This Update in Palliative Care features 7 recent articles of interest to palliative care practitioners. Topics include pain management, nonpain symptom management, nursing home care, prognosis, and quality of care.
Ann Intern Med. 2008;148(2):135-140. doi:10.7326/0003-4819-148-2-200801150-00008
Amir Qaseem, MD, PhD, MHA; Vincenza Snow, MD; Paul Shekelle, MD, PhD; Donald E. Casey Jr., MD, MPH, MBA; J. Thomas Cross Jr., MD, MPH; Douglas K. Owens, MD, MS; for the Clinical Efficacy Assessment Subcommittee of the American College of Physicians*
This American College of Physicians guideline presents the available evidence to improve palliative care at the end of life. The target audience is all clinicians caring for patients who need end-of-life care, and the target patient population is everyone with seriously disabling or symptomatic chronic conditions at the end of life.
Ann Intern Med. 2008;148(2):141-146. doi:10.7326/0003-4819-148-2-200801150-00009
Karl A. Lorenz, MD, MSHS; Joanne Lynn, MD, MA, MS; Sydney M. Dy, MD; Lisa R. Shugarman, PhD; Anne Wilkinson, MS, PhD; Richard A. Mularski, MD, MSHS, MCR; Sally C. Morton, PhD; Ronda G. Hughes, RN, MHS, PhD; Lara K. Hilton, BA; Margaret Maglione, PhD; Shannon L. Rhodes, MS; Cony Rolon, BA; Virginia C. Sun, BS, MSN; Paul G. Shekelle, MD, PhD
This systematic evidence review supports the American College of Physicians guideline on palliative care at the end of life. Strong to moderate evidence supports use of various treatments for cancer pain, dyspnea from chronic lung disease, and cancer-associated depression; multicomponent interventions to improve continuity in heart failure; advance care planning; and interventions to alleviate caregiver burden. Evidence was weak for cancer-related dyspnea management and reducing caregiver burden in caring for patients with cancer.
Ann Intern Med. 2008;148(2):147-159. doi:10.7326/0003-4819-148-2-200801150-00010
Judith H. Hibbard, DrPH
In this issue, Fung and colleagues research the impact of public reports on quality improvement, assessing the impact on consumer selection, quality improvement efforts, and improved effectiveness. Their findings show that public reports of hospital performance appear to stimulate hospitals to make efforts to improve quality and have a moderate impact on consumers' selection of a health plan. The evidence for all other potential impacts was mixed. While the findings do not uphold the theory that drives public reporting, they are consistent with the conventional wisdom that inconsistent execution yields variable results.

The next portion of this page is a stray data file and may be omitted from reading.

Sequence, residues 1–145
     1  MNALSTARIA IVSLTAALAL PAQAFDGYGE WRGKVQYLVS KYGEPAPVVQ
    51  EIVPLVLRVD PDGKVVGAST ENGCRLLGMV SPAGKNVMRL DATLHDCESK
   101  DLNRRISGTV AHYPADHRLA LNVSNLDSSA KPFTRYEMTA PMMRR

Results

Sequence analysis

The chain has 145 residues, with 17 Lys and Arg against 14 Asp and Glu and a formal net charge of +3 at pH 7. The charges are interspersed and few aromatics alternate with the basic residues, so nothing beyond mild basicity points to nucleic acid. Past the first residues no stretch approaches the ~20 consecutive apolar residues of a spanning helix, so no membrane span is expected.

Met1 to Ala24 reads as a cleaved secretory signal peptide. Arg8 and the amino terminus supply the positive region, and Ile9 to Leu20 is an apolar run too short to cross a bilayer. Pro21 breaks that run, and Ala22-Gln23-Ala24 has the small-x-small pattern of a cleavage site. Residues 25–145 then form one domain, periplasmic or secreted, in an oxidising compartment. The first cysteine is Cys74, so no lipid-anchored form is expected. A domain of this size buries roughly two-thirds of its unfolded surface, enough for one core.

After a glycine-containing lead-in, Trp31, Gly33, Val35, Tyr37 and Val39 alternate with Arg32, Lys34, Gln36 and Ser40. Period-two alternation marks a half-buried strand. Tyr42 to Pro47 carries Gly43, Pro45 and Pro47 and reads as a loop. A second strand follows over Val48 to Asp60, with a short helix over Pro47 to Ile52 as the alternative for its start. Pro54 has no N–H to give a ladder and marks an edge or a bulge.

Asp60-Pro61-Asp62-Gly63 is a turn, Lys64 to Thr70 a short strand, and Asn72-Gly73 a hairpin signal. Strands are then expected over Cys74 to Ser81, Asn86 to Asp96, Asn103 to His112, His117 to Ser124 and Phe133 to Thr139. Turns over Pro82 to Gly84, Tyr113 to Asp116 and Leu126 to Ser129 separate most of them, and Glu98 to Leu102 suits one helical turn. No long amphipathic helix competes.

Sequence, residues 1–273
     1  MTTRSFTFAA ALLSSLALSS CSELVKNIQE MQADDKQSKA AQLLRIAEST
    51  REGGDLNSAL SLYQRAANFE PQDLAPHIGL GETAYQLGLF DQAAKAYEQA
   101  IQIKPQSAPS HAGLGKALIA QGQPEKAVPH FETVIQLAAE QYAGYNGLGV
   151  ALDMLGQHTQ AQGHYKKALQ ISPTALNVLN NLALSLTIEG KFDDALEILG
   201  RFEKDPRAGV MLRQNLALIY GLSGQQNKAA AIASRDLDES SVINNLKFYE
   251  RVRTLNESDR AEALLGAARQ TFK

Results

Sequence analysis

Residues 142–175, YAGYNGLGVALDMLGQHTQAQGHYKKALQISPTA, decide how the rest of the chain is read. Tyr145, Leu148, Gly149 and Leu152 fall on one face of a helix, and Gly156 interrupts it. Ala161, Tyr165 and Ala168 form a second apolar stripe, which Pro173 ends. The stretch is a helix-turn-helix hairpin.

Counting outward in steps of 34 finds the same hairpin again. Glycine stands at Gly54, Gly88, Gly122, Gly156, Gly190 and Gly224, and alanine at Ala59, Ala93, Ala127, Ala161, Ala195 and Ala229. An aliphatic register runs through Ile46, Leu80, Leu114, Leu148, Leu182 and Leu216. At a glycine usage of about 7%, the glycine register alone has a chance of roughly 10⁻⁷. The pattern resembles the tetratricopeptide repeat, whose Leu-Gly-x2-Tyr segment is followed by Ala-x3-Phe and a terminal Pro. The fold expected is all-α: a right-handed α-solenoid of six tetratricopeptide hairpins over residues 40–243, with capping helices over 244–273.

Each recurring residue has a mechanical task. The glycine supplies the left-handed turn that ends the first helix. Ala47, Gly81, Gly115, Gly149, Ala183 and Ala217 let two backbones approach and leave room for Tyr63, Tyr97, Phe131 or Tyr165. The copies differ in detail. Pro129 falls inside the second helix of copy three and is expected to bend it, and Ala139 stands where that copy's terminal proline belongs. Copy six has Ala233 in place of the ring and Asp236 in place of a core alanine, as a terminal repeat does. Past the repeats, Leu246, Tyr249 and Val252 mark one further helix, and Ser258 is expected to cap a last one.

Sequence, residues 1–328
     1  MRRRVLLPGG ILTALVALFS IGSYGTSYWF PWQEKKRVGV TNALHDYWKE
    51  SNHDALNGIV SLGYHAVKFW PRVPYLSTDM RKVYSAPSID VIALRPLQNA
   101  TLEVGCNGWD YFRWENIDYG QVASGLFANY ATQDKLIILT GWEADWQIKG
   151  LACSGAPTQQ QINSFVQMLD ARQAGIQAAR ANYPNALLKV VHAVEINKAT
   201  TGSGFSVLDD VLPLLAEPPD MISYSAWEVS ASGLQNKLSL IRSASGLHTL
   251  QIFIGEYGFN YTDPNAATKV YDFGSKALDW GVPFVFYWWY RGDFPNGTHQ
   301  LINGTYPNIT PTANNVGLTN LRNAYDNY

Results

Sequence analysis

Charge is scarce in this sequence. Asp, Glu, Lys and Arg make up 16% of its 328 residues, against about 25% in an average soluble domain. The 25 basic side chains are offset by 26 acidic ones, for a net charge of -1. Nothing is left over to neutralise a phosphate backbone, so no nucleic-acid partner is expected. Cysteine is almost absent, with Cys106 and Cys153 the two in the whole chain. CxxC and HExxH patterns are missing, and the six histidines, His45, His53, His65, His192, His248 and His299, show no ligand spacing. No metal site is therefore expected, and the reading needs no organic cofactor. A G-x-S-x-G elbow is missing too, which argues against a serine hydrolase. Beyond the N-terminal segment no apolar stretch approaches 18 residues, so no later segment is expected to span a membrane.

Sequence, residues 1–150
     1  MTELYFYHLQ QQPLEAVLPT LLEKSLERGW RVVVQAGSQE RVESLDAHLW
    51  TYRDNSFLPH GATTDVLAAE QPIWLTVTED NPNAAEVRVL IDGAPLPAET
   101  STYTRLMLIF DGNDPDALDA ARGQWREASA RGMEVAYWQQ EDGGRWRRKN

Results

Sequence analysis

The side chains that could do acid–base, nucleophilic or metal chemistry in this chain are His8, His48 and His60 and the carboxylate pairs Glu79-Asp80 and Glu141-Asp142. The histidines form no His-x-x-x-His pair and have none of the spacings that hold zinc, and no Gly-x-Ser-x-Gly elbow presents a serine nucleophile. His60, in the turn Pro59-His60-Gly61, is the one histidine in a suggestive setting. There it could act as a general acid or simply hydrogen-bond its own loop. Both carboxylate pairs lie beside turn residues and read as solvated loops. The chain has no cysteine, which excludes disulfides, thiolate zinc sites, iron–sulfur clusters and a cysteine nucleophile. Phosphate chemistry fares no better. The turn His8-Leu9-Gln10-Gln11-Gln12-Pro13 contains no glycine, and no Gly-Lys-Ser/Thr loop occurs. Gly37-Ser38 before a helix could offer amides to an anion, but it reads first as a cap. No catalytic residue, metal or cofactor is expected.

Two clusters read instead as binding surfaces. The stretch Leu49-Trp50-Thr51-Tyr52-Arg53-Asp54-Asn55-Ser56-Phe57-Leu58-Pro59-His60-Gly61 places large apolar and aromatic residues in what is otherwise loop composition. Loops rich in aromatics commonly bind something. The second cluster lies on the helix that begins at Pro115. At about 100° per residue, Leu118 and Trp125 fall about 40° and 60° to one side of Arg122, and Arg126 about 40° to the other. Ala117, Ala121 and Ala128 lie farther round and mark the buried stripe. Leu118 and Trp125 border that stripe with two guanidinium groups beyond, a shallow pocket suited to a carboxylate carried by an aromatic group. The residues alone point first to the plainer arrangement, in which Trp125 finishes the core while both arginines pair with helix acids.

Ann Intern Med. 2008;148(2):160-161. doi:10.7326/0003-4819-148-2-200801150-00011
Jeffrey Siegel, MD
Clinicians need an up-to-date, comprehensive summary of the evidence to help them choose 1 disease-modifying antirheumatic drug (DMARD) over another or to decide which combinations of DMARDs to consider for patients with rheumatoid arthritis. In this issue, Donahue and colleagues systematically review the literature comparing the benefits and harms associated with different DMARDs, used alone or in combination. Their findings are well supported by the evidence, are clinically useful, and seem generally consistent with the American College of Rheumatology guidelines for managing rheumatoid arthritis.
Ann Intern Med. 2008;148(2):162-163. doi:10.7326/0003-4819-148-2-200801150-00012
Donna Beales, MLIS
Cultures all over the world understand the importance of naming. It is said that being able to name an object bestows power over it. Naming my nemesis has given me a power with lifelong implications for better and more comprehensive care.
Ann Intern Med. 2008;148(2):164-165. doi:10.7326/0003-4819-148-2-200801150-00013
Ann Intern Med. 2008;148(2):166. doi:10.7326/0003-4819-148-2-200801150-00014
Ann Intern Med. 2008;148(2):166. doi:10.7326/0003-4819-148-2-200801150-00015
Ann Intern Med. 2008;148(2):166-167. doi:10.7326/0003-4819-148-2-200801150-00016
Ann Intern Med. 2008;148(2):167. doi:10.7326/0003-4819-148-2-200801150-00017
Ann Intern Med. 2008;148(2):167-168. doi:10.7326/0003-4819-148-2-200801150-00018
Ann Intern Med. 2008;148(2):168. doi:10.7326/0003-4819-148-2-200801150-00019
Ann Intern Med. 2008;148(2):168. doi:10.7326/0003-4819-148-2-200801150-00020
Ann Intern Med. 2008;148(2):I-36. doi:10.7326/0003-4819-148-2-200801150-00001
Ann Intern Med. 2008;148(2):I-42. doi:10.7326/0003-4819-148-2-200801150-00002